Without any way to construct an airtight argument in either direction, you’re left feeling very little conviction about the situation. Because the stakes are so high, you become paranoid about making the wrong choice, and every time you think you might have an answer, you second-guess yourself.

The whole thing quickly becomes a mindfuck. You try talking yourself into feeling good about marriage by reminding yourself that every relationship has flaws and that marriage is all about acceptance—but then you realize that that’s also exactly how someone sounds when they’re talking themselves into settling for the wrong person. In both of those cases, the green and red zones of the diagram provide more than enough material to construct a full “why this is a great decision” argument. Likewise, if you wanted to play devil’s advocate and look at the reasons this might not be the right marriage for you, the blue and yellow sections of the diagram would make it easy—whether breaking up is a wise move or a foolish one.

And because the diagram and its four zones allow you to so effortlessly construct whatever convincing narrative you want to about your relationship and The Decision, you worry that anything that feels like conviction is just you falling for a narrative created by fear or ego or some other deep-down motivation.

Unable to come to a trustworthy conclusion, the brain person becomes a Paralyzed Pre-Marriage Relationship Person. A PPMRP has three options:

1) Procrastinate. Until you die, until your partner dies, or until your partner breaks up with you.

2) Turn back around and succumb to one of the primal forces. Maybe if you wait for a while, your fear of being single at 36 will overpower your dedication to rationality?

3) Come up with a decision-making litmus test that actually works.

Assuming you don’t find the first two options ideal, let’s talk about litmus tests.

The “actually works” part of option 3 is important, because people often come up with decision-making litmus tests that don’t actually tell you anything. For example:

An overly-broad, one-size-fits-all litmus test is a bad litmus test.

Like, “If I’m still toiling over this three years in, that’s probably a sign this isn’t the right thing for me.” Or, “I’m sure if we’ve been together this long, there’s a good reason for that.” Or, “If I still have the desire to sleep with other people, it must mean my heart’s not in this.”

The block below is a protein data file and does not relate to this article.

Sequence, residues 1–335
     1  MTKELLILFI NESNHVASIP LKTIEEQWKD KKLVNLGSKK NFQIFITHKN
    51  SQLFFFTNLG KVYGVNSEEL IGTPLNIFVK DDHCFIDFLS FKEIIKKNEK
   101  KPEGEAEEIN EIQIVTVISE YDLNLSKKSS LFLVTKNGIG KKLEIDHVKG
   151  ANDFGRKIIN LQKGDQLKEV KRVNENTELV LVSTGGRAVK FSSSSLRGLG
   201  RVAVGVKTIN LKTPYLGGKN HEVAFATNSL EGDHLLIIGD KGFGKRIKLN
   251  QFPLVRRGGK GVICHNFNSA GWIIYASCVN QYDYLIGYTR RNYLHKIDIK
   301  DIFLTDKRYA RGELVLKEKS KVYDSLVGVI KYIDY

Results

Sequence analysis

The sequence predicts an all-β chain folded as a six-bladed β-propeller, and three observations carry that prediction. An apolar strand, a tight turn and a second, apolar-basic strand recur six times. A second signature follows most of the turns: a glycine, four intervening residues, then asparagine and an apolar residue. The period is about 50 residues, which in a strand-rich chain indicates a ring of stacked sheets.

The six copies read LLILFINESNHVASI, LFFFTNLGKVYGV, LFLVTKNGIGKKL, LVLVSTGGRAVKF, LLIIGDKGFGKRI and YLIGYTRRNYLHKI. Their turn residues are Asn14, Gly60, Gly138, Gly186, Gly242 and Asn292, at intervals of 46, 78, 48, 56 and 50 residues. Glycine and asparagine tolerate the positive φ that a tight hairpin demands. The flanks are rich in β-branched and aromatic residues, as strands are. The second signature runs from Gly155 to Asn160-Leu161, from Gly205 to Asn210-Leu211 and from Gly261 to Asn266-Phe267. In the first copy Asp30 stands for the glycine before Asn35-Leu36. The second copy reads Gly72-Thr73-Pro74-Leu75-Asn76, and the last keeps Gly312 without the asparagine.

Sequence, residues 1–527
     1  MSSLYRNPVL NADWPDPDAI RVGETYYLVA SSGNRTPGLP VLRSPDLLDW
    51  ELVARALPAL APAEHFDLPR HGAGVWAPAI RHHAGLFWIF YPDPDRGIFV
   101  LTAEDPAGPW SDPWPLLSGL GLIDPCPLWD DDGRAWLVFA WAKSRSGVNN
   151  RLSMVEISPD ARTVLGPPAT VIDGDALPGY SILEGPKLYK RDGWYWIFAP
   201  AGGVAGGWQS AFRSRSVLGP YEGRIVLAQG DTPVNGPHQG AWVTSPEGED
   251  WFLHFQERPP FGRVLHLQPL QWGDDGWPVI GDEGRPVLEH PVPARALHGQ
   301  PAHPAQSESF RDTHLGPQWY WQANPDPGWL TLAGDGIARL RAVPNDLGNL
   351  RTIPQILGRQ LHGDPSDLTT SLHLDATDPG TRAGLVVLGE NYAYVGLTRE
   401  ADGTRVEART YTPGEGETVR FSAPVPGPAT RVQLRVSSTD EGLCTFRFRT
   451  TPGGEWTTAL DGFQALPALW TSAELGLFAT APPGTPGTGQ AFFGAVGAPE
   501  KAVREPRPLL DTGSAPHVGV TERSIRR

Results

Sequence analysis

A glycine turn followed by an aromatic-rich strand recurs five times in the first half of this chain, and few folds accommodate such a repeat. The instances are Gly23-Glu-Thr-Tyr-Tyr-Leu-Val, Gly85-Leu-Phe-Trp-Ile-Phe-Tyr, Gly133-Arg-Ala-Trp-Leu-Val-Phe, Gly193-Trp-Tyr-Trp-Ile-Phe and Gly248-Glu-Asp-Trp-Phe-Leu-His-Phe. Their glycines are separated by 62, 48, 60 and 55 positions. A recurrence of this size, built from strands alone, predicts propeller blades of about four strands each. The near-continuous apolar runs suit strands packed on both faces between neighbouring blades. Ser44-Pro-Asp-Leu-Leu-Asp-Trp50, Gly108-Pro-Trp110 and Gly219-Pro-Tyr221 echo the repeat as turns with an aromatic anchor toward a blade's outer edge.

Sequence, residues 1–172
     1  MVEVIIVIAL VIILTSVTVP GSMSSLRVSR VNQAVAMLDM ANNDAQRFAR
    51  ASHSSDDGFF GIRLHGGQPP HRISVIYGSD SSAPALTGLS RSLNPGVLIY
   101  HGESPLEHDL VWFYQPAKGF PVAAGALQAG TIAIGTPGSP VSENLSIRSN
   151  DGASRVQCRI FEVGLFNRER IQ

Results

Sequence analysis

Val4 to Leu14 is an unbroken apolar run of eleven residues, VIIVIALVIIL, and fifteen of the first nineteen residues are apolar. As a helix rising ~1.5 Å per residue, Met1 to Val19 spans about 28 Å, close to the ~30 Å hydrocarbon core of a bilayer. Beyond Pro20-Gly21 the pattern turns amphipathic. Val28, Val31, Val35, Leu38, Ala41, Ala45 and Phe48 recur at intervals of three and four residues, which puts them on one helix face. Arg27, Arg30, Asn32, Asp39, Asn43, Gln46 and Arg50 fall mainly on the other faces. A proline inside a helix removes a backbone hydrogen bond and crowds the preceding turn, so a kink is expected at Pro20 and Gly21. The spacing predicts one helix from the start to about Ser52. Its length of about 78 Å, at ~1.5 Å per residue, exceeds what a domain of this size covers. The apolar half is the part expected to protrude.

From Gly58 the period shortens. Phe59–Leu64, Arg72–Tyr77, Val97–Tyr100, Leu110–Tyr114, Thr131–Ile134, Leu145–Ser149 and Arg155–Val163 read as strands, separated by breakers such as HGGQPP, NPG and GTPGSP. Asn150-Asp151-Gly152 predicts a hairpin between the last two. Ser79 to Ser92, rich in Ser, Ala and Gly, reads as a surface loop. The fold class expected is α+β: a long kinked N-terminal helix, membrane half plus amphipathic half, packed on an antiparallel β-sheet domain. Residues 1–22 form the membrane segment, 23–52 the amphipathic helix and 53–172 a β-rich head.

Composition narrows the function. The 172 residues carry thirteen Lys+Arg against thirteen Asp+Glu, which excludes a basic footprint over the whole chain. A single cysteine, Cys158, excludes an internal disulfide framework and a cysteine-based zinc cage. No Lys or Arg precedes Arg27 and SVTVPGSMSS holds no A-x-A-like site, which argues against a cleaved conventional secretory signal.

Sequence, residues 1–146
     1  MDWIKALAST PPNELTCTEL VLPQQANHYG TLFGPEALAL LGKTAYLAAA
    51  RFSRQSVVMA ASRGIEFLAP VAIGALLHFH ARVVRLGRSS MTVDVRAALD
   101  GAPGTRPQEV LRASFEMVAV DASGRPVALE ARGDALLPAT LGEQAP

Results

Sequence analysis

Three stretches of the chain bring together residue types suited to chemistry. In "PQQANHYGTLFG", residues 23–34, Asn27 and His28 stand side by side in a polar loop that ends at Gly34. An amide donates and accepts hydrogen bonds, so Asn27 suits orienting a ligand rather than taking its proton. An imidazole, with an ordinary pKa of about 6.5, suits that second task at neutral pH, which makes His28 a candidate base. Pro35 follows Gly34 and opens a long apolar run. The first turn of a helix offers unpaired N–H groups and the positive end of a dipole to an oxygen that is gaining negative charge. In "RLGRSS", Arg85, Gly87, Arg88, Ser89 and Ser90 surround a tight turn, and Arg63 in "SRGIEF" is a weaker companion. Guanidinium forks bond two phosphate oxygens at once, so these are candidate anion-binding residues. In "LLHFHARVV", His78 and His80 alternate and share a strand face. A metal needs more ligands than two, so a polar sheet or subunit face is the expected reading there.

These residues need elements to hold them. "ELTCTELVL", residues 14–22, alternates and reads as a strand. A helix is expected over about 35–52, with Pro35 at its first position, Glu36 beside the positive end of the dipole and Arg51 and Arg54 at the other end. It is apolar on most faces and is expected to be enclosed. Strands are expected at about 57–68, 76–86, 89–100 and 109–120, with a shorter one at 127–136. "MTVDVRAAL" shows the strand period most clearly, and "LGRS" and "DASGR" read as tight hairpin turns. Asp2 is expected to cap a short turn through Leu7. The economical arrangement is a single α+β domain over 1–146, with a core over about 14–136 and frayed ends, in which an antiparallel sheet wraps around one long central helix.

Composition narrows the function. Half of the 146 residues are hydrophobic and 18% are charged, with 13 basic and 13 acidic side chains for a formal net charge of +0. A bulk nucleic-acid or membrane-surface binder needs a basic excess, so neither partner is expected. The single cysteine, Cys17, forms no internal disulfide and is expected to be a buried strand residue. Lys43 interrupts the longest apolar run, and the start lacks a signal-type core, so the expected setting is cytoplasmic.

Litmus tests like those suggest that everyone who toils over the marriage decision should break up or that every couple who’s together for a long time should get married or that no one in a great relationship still wants to sleep with other people. Different people do things like toil or stay together or feel promiscuous—or 100 other things—for totally different reasons, so broad statements like those don’t help with anything.

A litmus test that always yields the answer “We should get married” is a bad litmus test.

Like, “When I picture them standing on the altar with someone else, it’s a horrible thought—that must mean it’s the right move to marry them.” Or, “When we broke up for three days last month, I missed them unbearably—and it told me all I need to know.” Or, “I care about them more than anything and really want the best for them—that’s how I know I want to be with them.”

All these litmus tests tell you is that you A) feel possessive, B) feel attached, and C) love the person. In most long relationships—good and bad—the people in them feel all three of these things. The only real information you learn with tests like these is that you are, in fact, in a relationship.